Traveling, Writing and Engagement in Robyn Davidson’s Tracks
Palavras-chave:Travel Writing, Australian Literature, Robyn Davidson, Tracks
In 1980, Australian writer Robyn Davidson publishes her travel narrative Tracks, in which she describes her crossing of the central Australian deserts in the late 1970’s, on foot and by herself, being accompanied only by her dog and by four camels. The narrative became an immediate success after its publication, receiving the Thomas Cook Travel Book Award, and been widely read both in Australia and worldwide. It has also become an emblematic example of contemporary travel narratives, mainly due to the fact that it is not only a book about survival or about a woman crossing a desert alone, rather elaborating on the implications between genre and gender; it is also a narrative that recuperates the political and ideological background of an important moment in Australian history. Thus, taking into consideration Davidson’s ambivalence in relation to writing about her travel experiences, in this paper, I argue that Tracks, more than celebrating the process of self-transformation in travel, lingers on the tension between its narrator’s search for freedom and her awareness regarding the responsibilities involved in engaging with cultural difference and in representing geographical crossings.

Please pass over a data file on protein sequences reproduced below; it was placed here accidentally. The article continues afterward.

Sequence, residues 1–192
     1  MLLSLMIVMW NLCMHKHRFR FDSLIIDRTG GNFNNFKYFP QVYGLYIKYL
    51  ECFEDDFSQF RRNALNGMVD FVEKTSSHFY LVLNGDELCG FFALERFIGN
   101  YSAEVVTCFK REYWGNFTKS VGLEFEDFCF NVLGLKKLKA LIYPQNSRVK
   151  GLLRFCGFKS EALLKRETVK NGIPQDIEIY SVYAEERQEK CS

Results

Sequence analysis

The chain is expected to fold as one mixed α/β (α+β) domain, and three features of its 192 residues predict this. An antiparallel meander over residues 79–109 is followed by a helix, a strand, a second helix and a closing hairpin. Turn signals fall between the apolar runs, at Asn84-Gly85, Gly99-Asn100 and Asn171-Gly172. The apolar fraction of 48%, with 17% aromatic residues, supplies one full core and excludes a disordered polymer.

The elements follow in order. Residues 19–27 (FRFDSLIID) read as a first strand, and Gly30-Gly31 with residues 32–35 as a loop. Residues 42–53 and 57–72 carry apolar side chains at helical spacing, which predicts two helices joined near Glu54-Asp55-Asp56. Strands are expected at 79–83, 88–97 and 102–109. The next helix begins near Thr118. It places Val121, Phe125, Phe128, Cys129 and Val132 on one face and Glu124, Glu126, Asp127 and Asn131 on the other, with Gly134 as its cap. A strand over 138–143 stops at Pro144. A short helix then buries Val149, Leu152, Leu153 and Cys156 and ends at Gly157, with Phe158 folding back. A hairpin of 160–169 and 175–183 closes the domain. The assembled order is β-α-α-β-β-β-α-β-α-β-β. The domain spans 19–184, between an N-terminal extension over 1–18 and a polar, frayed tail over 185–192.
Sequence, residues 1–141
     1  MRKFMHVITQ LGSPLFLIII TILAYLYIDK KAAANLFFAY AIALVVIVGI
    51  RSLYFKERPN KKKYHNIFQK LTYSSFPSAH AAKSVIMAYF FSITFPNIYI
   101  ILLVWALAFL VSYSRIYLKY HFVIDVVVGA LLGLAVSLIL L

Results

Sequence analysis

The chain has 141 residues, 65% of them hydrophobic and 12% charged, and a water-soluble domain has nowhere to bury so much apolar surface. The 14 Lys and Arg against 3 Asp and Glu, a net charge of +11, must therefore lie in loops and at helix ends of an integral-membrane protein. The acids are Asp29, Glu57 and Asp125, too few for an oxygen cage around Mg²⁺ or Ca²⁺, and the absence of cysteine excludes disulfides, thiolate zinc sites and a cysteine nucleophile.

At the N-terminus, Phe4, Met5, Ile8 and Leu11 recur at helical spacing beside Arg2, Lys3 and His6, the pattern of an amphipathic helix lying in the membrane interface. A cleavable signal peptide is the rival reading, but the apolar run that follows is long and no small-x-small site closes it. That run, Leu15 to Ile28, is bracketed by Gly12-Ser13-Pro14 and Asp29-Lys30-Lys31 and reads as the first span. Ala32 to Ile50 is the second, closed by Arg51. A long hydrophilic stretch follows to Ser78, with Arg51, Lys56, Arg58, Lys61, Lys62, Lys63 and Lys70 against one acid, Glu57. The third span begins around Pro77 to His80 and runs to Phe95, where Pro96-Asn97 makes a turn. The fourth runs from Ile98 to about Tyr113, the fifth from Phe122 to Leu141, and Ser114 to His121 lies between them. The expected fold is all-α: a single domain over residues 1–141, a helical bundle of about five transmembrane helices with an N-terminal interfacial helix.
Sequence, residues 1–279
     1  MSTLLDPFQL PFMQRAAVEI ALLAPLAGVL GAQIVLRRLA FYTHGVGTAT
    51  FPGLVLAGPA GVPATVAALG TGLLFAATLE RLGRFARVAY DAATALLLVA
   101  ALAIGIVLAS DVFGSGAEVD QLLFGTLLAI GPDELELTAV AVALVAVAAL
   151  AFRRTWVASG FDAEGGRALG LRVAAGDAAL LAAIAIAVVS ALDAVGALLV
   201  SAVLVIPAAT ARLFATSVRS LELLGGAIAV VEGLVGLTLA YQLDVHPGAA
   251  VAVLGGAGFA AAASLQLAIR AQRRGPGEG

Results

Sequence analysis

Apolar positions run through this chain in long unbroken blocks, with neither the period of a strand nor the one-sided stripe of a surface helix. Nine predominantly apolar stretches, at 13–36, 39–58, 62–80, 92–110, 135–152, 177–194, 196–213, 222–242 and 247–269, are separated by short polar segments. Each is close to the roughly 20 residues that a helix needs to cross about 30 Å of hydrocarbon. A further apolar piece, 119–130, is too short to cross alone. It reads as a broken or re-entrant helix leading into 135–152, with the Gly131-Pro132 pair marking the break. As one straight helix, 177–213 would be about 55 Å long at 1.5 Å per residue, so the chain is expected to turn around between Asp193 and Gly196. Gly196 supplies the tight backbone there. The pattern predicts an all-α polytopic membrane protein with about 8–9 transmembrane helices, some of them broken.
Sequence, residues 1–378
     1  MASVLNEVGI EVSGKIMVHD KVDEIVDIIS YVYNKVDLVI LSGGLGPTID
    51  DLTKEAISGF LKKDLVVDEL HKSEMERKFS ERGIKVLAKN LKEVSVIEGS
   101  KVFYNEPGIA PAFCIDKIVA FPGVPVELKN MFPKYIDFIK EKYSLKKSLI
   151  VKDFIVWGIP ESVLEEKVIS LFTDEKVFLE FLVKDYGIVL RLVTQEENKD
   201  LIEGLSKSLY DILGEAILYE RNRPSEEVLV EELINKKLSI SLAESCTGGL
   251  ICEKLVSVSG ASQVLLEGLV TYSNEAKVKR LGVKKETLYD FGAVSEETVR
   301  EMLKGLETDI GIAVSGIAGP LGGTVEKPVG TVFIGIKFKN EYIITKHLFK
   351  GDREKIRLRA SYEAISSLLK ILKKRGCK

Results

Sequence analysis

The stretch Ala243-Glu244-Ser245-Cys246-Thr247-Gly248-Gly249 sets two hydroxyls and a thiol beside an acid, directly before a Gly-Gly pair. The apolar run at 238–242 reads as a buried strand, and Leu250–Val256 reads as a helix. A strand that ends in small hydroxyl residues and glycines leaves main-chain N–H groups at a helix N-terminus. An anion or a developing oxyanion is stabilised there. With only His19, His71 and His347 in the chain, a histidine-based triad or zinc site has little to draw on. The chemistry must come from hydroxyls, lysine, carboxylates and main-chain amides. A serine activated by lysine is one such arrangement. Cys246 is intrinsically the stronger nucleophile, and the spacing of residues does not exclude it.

A revista Ilha do Desterro publica artigos e resenhas inéditos, referentes as áreas de Inglês, Literaturas em Língua Inglesa e Estudos Culturais. Publica volumes mistos e/ou temáticos, com artigos e resenhas em inglês e português.
Autores mantém os direitos autorais e concedem à revista o direito de primeira publicação, com o trabalho simultaneamente licenciado sob a Licença Creative Commons Attribution que permite o compartilhamento do trabalho com reconhecimento da autoria e publicação inicial nesta revista.
This work is licensed under a Creative Commons Attribution 4.0 International License.